Fosterrates-Map

Foster care rates are more than doubling in parts of Oregon where drug addiction persists. 

The News-Review

The rates of children entering the foster care system in Douglas County and the rest of southern Oregon are skyrocketing, despite similar rates plummeting across the state. The above charts represent the total number of children in care every quarter since 2006. Every year, a new group of children enter the system, adding to the number of children who are still in foster care.

The number of children who have entered the child welfare system in Douglas County alone has increased from 41 children in 2013 to 204 children so far this year. That’s a 398 percent increase in less than five years. For Lisa Hubbard, the clinical director at Adapt, parental drug addiction "has everything to do with it."

The Interstate 5 freeway serves as the main artery for drug traffickers and dealers who have connections to methamphetamine and opioid supplies in Mexico. Oregon counties located along the freeway, from the southwest to northwest regions, are designated high-intensity drug trafficking areas by law enforcement agencies.

Methamphetamine has been a problem in Oregon for several years and continues to increase in use. The opioid epidemic is just now reaching the same levels as methamphetamine, but it poses greater risks. For one, opioid addiction is harder to kick; the withdrawal symptoms are more physical and can be life-threatening. Overdosing on opioids can also be more deadly. About three Oregonians die every week from prescription opioid overdose, according to the Oregon Health Authority.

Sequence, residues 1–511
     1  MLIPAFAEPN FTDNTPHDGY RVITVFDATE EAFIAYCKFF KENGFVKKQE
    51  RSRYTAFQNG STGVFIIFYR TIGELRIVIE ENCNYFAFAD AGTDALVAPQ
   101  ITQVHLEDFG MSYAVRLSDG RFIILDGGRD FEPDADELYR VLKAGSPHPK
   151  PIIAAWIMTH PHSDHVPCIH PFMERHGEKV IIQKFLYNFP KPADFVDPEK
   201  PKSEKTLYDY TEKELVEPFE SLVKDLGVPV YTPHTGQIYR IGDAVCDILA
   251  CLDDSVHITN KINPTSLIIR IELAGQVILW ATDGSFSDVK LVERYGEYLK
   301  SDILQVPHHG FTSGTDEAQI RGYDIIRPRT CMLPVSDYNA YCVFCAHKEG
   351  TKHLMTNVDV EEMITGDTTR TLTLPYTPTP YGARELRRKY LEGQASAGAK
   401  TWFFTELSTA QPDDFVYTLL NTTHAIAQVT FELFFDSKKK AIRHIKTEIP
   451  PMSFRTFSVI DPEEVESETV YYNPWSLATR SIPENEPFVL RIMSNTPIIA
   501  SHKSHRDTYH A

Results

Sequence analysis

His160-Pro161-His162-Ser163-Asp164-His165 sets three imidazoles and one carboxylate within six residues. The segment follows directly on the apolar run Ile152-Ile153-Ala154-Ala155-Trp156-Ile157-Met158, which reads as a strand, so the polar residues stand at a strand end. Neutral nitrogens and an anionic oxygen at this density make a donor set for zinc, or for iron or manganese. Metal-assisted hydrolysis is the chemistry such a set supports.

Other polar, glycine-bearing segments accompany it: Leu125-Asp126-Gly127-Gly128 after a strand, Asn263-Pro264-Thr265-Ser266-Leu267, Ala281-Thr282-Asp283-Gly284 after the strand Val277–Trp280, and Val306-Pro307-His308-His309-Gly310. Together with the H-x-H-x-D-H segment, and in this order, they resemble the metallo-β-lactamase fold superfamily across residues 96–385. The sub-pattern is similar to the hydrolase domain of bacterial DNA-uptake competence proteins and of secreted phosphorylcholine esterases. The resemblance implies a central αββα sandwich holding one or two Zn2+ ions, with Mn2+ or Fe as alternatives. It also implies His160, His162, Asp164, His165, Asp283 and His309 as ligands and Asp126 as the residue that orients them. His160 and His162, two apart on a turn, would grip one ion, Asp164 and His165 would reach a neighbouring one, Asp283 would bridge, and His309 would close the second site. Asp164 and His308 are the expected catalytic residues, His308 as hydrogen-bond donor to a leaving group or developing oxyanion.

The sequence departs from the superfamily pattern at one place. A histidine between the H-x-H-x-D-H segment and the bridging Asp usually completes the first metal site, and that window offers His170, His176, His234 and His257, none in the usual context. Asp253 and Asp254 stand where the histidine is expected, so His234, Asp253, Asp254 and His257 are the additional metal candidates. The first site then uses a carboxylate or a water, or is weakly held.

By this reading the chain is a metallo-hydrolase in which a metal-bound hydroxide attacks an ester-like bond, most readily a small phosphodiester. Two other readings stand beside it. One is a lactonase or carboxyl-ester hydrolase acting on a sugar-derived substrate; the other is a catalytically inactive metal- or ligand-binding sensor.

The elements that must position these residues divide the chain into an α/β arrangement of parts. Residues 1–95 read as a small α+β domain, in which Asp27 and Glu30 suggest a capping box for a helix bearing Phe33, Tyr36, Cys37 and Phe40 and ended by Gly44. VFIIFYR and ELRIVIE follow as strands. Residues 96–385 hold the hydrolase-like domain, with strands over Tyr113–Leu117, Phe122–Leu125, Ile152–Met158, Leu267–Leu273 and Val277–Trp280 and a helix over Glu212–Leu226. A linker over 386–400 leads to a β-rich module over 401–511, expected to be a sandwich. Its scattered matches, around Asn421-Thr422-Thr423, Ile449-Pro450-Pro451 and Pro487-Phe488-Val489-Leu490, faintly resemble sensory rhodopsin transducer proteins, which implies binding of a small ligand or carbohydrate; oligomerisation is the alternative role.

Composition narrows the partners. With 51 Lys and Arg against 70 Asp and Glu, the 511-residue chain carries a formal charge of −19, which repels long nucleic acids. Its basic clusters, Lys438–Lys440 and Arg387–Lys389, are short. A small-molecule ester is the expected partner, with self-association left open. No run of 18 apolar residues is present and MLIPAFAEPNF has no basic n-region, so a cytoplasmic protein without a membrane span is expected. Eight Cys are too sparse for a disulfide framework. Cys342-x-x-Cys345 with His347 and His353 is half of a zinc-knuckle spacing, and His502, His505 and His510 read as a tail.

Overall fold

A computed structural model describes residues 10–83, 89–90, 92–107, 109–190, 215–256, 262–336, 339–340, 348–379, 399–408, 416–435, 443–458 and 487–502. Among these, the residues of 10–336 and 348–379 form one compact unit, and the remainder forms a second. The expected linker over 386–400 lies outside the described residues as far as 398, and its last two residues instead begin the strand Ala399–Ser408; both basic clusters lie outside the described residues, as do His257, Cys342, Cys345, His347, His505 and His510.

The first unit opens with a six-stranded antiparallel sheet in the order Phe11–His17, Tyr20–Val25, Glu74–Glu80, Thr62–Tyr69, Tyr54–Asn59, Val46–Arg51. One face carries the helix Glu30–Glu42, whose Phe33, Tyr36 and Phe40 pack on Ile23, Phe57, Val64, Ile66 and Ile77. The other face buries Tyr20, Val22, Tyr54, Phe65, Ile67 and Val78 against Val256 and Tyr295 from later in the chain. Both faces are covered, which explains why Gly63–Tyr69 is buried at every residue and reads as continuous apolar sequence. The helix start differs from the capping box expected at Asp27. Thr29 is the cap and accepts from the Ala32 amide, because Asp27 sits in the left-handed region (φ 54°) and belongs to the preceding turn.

Heavily forested southern Oregon counties are made up of small rural towns. There are several nonprofits and medical agencies providing drug treatment services, but most of them are concentrated in larger cities like Roseburg and Medford. People fighting drug addiction in smaller satellite towns need a car to get help. Nonprofit workers say transportation is a significant barrier for rural residents fighting drug addiction.

As a result, southern Oregon — including Jackson, Josephine and Douglas counties — has the highest rate of drug arrests related to methamphetamine and opioid possession.

Opioid addicts have to keep using to prevent themselves from getting physically sick or possibly dying. When getting high becomes a necessity, other parts of their lives — their jobs, their homes, their children — fall by the wayside.

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Reporter April Ehrlich can be reached on Twitter @AprilEhrlich or by email at aprilehrlich@gmail.com

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City Government Reporter

April Ehrlich covers city government for The News-Review. She can be contacted at 541-957-4202 or aehrlich@nrtoday.com. Follow her on Twitter @AprilEhrlich.

(1) comment

Mogie

It would nice to see the children of drug addicts get a nice and permanent home thru adoption. I believe the parents forfeit all rights to their children when they put drug use above them (the children). Don't understand why people don't use birth control. That is unless they are getting pregnant on purpose. And that brings up a whole other subject - welfare based on the number of kids you have.

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